Feeds

Dim stars shed light on age of galaxy

Beryllium count gives the game away

  • alert
  • submit to reddit

Protecting against web application threats using SSL

A group of astronomers working on the Very Large Telescope (VLT) in Chile have determined that the galaxy is 13.6bn years old.

Its calculation of the age of the Milky Way is based on observations of two very faint stars in a local globular cluster, the BBC reports. Globular clusters are very concentrated clusters of stars which orbit galaxies, and contain some of the oldest stars still burning.

By measuring the amount of beryllium in each of the stars, the astronomers could calculate their age, since the element forms at a constant rate as stars burn. The team made its observations ib the 8.2m Kuyen telescope that is part of the VLT, using the UV-Visual Echelle Spectrograph.

Incidentally, some scientists think globular clusters may actually be remnants of smaller "dwarf" galaxies, caught in the gravitational maw of their larger counterparts. The implications this theory may have for these calculations is unclear.

The team carefully selected the stars they would measure, known as A0228 and A2111 in the NGC 6397 globular cluster. Star selection is vital because beryllium will burn up if the star has become too hot, making it useless as a benchmark.

Smaller stars are best, but are difficult to observe because they are so faint. Many of the larger stars, which burn faster and hotter, have already reached the giant phase of their evolution.

It is well known that the stars in globular clusters were not the first stars that ever burned in our galaxy: they contain elements that need supernovae to form. However, this new research has allowed scientists to calculate the interval between the first (now extinct) generation of stars and the ones we can still observe today.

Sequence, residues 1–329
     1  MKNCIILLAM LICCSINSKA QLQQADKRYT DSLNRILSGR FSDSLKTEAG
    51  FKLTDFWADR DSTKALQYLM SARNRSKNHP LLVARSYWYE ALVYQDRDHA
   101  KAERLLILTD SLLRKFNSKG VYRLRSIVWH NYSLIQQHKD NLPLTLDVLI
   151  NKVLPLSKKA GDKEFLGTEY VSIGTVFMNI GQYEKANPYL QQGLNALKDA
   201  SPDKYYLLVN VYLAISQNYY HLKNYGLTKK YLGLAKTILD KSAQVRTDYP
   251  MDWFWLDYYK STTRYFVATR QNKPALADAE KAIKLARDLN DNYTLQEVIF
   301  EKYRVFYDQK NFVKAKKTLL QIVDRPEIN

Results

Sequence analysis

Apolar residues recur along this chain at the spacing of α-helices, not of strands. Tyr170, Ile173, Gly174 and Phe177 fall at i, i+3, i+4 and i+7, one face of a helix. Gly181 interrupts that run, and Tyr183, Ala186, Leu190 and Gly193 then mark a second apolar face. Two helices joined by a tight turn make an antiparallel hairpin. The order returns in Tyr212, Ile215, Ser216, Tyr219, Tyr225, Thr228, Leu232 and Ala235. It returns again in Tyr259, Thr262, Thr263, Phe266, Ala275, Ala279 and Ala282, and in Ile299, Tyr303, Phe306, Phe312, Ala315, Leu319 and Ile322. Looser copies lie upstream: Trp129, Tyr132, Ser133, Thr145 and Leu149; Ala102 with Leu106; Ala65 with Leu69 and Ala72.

By adding this number to the age of the stars, as determined by stellar evolution models, the team determined that the galaxy is 13.6bn years old, give or take 800m years.

Daniele Galli of INAF-Observatorio di Arcetri in Florence, Italy, told the BBC: "This is the first time we have obtained an independent determination of this fundamental value." ®

Related stories

Hubble loses an eye
Boffins baffled by suburban quasars
NASA seeks Hubble robot rescue input

Reducing the cost and complexity of web vulnerability management

More from The Register

next story
PORTAL TO ELSEWHERE scried in small galaxy far, far away
Supermassive black hole dominates titchy star formation
Boffins say they've got Lithium batteries the wrong way around
Surprises at the nano-scale mean our ideas about how they charge could be all wrong
Edge Research Lab to tackle chilly LOHAN's final test flight
Our US allies to probe potential Vulture 2 servo freeze
Europe prepares to INVADE comet: Rosetta landing site chosen
No word yet on whether backup site is labelled 'K'
Cracked it - Vulture 2 power podule fires servos for 4 HOURS
Pixhawk avionics juice issue sorted, onwards to Spaceport America
Archaeologists and robots on hunt for more Antikythera pieces
How much of the world's oldest computer can they find?
Bacon-related medical breakthrough wins Ig Nobel prize
Is there ANYTHING cured pork can't do?
prev story

Whitepapers

Secure remote control for conventional and virtual desktops
Balancing user privacy and privileged access, in accordance with compliance frameworks and legislation. Evaluating any potential remote control choice.
WIN a very cool portable ZX Spectrum
Win a one-off portable Spectrum built by legendary hardware hacker Ben Heck
Storage capacity and performance optimization at Mizuno USA
Mizuno USA turn to Tegile storage technology to solve both their SAN and backup issues.
High Performance for All
While HPC is not new, it has traditionally been seen as a specialist area – is it now geared up to meet more mainstream requirements?
The next step in data security
With recent increased privacy concerns and computers becoming more powerful, the chance of hackers being able to crack smaller-sized RSA keys increases.